In Case You Missed It
- The FBI warned that foreign influence operations will “almost certainly” target U.S. audiences with deepfake videos in the coming weeks.
- The Federal Communications Commission designated five Chinese companies as national security threats, including the telecommunications firm Huawei.
- The FBI and Cybersecurity and Infrastructure Security Agency (CISA) said that vulnerabilities in Microsoft’s email application pose a “serious risk” to federal agencies and private firms.
- The Government Accountability Office found that “it may be difficult for [CISA] to identify and respond to cybersecurity incidents” until it implements dozens of planned organizational updates.
- Bipartisan legislation was introduced in the House and Senate that would allow news outlets to bargain with tech platforms over the price of their content.
- G7 foreign ministers issued a statement expressing “grave concern” about China’s efforts to erode the democratic elements of Hong Kong’s electoral system.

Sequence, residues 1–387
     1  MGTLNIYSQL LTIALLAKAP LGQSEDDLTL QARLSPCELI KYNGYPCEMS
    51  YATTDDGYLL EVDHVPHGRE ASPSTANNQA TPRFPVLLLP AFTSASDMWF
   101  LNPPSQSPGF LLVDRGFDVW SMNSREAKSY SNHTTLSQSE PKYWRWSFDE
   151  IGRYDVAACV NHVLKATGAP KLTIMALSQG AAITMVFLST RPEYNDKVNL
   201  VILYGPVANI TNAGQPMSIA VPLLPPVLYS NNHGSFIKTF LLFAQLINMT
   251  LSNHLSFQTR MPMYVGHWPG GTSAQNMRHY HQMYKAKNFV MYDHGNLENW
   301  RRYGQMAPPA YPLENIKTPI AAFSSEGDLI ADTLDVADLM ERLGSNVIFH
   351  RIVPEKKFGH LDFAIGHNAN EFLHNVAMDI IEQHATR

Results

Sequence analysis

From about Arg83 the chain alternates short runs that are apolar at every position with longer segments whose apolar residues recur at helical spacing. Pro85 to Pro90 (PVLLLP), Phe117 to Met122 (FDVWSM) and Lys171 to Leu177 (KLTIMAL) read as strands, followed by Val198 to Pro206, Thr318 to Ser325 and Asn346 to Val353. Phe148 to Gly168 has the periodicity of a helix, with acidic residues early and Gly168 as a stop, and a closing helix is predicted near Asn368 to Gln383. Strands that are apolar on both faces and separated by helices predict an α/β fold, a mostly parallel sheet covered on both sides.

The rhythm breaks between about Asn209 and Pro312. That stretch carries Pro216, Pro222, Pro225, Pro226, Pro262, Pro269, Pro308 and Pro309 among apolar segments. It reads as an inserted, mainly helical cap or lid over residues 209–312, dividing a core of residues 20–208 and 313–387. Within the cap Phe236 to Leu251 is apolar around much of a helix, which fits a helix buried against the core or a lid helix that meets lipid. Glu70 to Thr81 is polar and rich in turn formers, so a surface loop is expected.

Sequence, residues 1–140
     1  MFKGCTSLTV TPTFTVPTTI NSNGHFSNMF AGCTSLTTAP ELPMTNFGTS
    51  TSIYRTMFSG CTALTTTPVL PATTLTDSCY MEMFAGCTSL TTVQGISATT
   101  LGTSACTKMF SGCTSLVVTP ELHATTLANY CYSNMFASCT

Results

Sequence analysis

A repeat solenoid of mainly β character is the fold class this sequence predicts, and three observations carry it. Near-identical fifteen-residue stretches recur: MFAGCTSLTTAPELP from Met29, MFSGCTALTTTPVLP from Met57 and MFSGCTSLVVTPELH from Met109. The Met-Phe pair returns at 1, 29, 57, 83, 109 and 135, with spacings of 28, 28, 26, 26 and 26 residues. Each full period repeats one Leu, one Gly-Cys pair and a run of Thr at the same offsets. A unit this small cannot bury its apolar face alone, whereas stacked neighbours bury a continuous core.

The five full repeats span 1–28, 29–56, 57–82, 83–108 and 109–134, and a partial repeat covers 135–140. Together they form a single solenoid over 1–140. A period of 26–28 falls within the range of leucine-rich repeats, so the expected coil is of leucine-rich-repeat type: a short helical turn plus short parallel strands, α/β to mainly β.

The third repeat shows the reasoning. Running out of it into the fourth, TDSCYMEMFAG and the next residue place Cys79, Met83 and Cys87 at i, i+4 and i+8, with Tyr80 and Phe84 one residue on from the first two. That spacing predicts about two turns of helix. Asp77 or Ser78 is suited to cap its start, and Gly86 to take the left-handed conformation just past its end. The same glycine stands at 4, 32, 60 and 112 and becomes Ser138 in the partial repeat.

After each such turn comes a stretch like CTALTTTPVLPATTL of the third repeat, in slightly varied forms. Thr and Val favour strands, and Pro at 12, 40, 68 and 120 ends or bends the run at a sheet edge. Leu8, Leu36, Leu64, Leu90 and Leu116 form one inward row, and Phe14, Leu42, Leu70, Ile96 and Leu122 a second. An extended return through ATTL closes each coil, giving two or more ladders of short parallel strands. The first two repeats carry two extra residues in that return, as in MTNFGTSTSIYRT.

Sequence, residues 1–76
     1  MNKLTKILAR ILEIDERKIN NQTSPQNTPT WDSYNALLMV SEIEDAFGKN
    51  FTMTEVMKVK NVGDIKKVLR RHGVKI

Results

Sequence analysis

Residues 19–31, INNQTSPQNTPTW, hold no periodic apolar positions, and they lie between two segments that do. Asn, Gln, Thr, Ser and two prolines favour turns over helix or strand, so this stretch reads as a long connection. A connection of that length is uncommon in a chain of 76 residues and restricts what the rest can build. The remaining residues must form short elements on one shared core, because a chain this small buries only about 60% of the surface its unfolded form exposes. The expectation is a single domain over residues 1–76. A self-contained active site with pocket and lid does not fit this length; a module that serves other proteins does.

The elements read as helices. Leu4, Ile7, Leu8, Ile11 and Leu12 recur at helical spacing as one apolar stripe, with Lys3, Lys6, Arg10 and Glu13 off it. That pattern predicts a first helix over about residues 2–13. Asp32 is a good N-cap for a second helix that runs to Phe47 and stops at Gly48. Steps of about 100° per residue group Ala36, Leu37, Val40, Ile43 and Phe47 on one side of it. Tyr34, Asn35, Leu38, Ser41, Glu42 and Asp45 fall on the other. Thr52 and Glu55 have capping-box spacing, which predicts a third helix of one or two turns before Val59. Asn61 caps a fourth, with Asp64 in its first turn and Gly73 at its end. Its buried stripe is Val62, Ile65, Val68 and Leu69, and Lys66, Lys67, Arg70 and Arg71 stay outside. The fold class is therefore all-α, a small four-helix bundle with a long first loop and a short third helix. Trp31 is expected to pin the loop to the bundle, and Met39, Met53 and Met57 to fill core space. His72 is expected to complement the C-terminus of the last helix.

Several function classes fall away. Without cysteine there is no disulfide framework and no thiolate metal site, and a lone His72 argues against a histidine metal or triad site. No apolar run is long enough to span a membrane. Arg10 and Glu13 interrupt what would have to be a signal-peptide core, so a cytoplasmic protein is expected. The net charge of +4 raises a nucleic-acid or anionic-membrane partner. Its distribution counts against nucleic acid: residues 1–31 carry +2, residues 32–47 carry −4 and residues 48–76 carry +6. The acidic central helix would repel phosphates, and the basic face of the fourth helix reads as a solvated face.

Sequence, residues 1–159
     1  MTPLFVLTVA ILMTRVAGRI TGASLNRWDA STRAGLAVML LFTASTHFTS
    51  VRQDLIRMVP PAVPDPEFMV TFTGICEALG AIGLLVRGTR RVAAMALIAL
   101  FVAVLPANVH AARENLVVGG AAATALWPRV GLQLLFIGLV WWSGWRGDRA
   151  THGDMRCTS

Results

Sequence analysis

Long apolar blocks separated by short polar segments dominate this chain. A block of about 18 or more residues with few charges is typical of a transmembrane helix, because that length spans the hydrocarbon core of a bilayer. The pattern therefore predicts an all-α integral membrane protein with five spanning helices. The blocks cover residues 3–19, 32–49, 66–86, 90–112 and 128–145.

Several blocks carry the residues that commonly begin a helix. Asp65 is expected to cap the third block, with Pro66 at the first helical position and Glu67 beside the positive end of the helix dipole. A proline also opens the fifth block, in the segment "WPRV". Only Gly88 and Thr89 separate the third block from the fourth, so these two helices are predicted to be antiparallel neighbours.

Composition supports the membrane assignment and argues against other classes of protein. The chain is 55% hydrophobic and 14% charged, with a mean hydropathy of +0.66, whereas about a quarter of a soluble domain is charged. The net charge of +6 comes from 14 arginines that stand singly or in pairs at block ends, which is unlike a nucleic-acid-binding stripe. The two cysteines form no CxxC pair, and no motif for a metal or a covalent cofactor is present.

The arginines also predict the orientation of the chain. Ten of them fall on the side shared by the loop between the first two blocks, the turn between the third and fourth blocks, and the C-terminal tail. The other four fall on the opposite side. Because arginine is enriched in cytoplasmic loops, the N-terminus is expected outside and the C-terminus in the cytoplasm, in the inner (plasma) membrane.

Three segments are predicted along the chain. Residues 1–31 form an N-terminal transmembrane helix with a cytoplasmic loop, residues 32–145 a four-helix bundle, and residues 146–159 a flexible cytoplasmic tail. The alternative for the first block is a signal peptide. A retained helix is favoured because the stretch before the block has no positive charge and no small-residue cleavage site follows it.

- China is allocating tens of billions of dollars to its tech sector to make it less reliant on foreign imports as the United States steps up efforts to curb Beijing’s technological rise.
- The Brazilian government softened its stance toward Chinese telecommunications firm Huawei after reaching a deal to procure Chinese vaccines, the New York Times reports; however, the exact connection between the vaccine request and the 5G action is unclear.
ASD in the News
Quote of the Week
“We therefore aim to build a coalition of like-minded partners around the world ready to defend the open nature of the internet and a use of technology that respects fundamental rights and democratic values.”
European Commission Executive Vice President Margrethe Vestager said at a press conference on Europe’s Digital Decade on March 9.